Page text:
A BUILDER convicted for battering a neighbour from hell has insisted he should be regarded as a hero.
Christopher Newcomb, 33, took the law into his own hands after learning that an OAP and her disabled son were being tormented by a bully next door.
The dad-of-three punched the man repeatedly in his own house and warned him: “Next time, I’ll kill you” and then mowed down the man in his van on the street.
Newcomb was hauled to court over the attack but spared jail by a judge
Speaking to Sun Online, the tradesman insisted: “I should be the hero – not the villain.
"I nearly got put away for it but I couldn’t stop myself. Imagine if it was your grandma getting picked on.
“If the council and the police had done something to help her sooner, then I wouldn’t have had to get involved. Something needed to be done.”
Newcomb visited his victim's home in Wigston, Leics, in September last year after his uncle told him of the pensioner's troubles.
Leicester Crown Court heard that Newcomb went to his victim’s house and immediately punched him to the floor.
After hitting and kicking him, he warned man: “Leave the old dear alone or I will kill you”.
He then went after the victim, who was on his bike, driving his van on the wrong side of the road, mounting the pavement and knocked him off.
Newcomb claimed the neighbour had been hurling abuse at the woman, 85, and her disabled son, in his fifties and lobbing rubbish into their garden.
“He was throwing beer cans at her disabled son in the back garden. She’s got all the evidence but the police didn’t want to know about it.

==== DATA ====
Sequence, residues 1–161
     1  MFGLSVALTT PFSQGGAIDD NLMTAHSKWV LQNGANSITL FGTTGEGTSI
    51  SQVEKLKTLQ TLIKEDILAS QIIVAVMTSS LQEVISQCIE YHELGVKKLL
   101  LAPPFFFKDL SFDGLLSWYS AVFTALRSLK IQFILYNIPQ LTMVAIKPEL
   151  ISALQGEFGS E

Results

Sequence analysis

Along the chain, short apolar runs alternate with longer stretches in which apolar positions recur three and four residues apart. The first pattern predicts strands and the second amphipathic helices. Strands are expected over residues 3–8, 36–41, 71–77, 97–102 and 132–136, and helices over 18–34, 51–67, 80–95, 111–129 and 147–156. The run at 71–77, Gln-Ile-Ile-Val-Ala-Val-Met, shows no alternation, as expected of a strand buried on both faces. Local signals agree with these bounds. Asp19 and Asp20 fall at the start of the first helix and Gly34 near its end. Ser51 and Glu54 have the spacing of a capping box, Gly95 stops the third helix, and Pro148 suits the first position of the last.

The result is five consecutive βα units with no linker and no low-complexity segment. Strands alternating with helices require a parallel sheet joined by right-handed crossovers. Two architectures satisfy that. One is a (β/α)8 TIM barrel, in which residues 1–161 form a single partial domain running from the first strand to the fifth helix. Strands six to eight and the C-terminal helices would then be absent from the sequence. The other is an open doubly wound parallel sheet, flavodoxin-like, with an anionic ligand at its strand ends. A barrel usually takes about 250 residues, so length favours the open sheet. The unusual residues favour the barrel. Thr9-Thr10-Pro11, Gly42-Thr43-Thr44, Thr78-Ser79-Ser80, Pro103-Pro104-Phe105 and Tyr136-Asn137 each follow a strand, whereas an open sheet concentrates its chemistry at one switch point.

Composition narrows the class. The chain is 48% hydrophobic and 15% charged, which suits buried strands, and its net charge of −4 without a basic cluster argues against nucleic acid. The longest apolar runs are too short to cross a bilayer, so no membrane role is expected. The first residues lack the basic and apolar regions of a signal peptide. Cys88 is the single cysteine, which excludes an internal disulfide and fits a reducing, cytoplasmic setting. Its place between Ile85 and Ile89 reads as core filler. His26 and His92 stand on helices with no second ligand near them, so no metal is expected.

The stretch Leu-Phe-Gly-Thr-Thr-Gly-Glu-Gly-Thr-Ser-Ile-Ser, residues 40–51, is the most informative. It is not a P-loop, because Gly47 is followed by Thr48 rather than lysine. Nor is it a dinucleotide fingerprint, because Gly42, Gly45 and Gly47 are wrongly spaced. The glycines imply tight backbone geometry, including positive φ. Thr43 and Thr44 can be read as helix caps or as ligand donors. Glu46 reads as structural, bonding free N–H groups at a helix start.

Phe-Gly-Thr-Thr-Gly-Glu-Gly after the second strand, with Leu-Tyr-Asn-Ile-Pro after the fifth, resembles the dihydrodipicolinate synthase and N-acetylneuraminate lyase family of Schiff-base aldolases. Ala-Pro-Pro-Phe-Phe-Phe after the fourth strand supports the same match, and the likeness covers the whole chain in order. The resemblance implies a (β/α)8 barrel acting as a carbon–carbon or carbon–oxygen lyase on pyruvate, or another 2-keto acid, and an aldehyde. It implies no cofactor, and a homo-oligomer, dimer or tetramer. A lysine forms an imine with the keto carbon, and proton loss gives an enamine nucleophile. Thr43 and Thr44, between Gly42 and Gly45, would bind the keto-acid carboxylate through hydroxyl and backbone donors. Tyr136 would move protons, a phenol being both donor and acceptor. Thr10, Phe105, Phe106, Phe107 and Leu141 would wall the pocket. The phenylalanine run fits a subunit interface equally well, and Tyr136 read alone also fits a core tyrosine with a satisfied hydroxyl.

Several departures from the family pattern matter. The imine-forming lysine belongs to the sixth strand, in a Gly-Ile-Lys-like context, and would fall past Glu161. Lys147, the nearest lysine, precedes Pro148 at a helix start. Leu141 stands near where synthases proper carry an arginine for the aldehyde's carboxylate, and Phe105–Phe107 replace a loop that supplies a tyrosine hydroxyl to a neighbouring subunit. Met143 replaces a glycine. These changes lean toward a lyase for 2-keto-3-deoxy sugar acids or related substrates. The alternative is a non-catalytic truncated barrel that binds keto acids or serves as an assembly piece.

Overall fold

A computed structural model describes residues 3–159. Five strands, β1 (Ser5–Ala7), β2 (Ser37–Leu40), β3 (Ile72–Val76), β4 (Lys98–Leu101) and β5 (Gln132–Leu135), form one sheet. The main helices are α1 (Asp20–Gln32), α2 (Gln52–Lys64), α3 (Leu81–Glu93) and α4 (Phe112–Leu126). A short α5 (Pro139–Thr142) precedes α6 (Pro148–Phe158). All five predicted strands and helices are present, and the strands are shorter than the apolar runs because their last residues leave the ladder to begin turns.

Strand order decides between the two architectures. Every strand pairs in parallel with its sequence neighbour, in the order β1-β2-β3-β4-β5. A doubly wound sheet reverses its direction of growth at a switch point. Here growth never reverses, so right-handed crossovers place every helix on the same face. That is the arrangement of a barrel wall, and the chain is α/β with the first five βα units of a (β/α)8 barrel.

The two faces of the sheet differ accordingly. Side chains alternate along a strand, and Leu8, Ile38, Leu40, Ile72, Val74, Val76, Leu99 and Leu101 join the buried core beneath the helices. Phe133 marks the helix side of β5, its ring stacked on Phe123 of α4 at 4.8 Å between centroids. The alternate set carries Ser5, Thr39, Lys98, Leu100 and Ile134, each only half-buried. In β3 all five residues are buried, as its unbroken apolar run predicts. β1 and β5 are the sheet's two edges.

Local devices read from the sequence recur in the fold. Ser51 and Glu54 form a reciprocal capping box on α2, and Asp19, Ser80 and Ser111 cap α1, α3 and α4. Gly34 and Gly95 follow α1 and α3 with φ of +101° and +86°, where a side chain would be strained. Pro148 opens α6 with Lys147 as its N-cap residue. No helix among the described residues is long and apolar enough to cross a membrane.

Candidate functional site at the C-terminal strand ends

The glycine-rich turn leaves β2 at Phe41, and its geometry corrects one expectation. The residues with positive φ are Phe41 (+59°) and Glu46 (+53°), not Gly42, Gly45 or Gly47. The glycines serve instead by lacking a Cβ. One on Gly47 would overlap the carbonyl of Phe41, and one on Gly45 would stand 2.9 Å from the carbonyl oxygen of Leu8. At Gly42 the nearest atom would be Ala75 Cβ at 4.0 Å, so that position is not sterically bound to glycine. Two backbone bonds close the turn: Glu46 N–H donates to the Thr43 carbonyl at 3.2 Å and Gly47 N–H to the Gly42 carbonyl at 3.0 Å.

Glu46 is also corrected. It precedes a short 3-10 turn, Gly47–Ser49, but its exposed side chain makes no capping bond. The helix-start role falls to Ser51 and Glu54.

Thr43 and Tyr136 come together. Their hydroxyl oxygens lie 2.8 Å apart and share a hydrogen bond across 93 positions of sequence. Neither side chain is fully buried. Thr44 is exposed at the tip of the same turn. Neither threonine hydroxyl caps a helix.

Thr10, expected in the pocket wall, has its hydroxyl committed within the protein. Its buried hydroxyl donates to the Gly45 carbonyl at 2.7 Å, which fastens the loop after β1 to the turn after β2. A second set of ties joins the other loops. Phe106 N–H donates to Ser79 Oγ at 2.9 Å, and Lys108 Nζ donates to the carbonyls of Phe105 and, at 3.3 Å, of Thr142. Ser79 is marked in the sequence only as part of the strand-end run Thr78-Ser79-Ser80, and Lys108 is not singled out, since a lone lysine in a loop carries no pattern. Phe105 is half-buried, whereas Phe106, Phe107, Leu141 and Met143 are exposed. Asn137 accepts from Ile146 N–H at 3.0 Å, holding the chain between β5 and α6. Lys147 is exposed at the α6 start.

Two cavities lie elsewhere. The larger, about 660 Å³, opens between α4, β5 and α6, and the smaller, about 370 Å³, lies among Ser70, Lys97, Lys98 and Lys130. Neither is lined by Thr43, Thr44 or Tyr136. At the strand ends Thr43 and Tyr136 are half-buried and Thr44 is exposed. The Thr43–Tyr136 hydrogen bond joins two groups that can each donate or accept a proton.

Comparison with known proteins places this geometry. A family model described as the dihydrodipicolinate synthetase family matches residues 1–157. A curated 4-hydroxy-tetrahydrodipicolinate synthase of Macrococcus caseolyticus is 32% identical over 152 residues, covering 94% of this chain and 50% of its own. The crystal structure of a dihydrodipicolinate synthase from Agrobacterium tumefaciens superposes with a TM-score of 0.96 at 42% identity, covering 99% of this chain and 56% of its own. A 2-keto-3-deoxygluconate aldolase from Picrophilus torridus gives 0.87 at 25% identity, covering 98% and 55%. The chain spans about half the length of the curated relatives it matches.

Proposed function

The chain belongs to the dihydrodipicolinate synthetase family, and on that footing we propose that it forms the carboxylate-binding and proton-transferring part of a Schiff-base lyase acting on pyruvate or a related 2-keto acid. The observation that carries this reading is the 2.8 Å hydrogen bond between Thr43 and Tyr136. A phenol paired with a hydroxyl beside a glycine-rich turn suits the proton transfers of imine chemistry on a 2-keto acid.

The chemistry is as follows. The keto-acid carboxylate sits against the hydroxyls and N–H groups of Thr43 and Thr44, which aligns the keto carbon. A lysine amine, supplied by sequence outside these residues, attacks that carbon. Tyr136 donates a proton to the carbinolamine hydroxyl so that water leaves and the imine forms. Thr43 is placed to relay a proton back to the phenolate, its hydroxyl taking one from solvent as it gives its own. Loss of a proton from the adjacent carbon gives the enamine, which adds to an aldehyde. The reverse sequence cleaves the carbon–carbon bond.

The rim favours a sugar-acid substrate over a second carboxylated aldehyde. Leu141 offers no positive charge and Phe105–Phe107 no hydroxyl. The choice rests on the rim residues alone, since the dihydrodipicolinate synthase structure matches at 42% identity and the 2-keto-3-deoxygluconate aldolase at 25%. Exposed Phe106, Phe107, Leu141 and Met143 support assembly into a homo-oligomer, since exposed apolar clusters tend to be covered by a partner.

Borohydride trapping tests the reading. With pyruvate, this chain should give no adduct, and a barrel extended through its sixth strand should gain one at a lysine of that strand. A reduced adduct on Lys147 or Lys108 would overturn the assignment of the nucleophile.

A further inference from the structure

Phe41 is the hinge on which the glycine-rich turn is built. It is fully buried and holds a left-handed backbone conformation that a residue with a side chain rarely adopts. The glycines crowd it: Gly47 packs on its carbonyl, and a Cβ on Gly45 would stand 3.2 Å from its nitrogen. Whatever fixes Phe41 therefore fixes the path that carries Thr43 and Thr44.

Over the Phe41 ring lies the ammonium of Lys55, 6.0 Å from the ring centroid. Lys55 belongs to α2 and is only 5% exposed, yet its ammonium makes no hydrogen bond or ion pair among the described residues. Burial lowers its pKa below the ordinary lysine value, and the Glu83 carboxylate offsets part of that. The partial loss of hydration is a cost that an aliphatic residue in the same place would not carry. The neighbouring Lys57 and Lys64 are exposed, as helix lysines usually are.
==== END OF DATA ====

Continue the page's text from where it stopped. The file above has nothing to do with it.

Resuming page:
“She was in tears. She was too scared to put her bins out. I just couldn’t sleep knowing what she and her son were having to put up with.
“He is just a neighbour from hell. He not only tormented the elderly neighbour but the previous occupiers too.
PUNCHED 'NEIGHBOUR FROM HELL'
“I just kept picturing it being my own mum or grandma that was having to go through this.”
Newcomb admitted punching the man though insisted it was only after he tried to hit him first.
“I knocked on the door and said ‘I’m a friend of the old dear next door’. I just felt compelled – I couldn’t stop myself.
“I'm not a violent man but what was happening to this old dear just got under my skin."
Newcomb fled the scene in his van but police traced him through his number plate
The court heard the elderly woman had reported anti-social behaviour to the council and Leicestershire Police, who claimed to be monitoring the situation.
Both she, her son and Newcomb’s victim have since moved.
Newcomb, of Aylestone, Leicester, admitted charges of assault and dangerous driving and was also ordered to pay £1000 compensation to his victim.
He was handed a 21-month jail term, suspended for two years, and banned from driving for a year.
Judge Robert Brown told him: "You perceived a real grievance but it's no excuse for what you did.
"Nobody takes the law into their own hands and it doesn't justify your behaviour in any way.”
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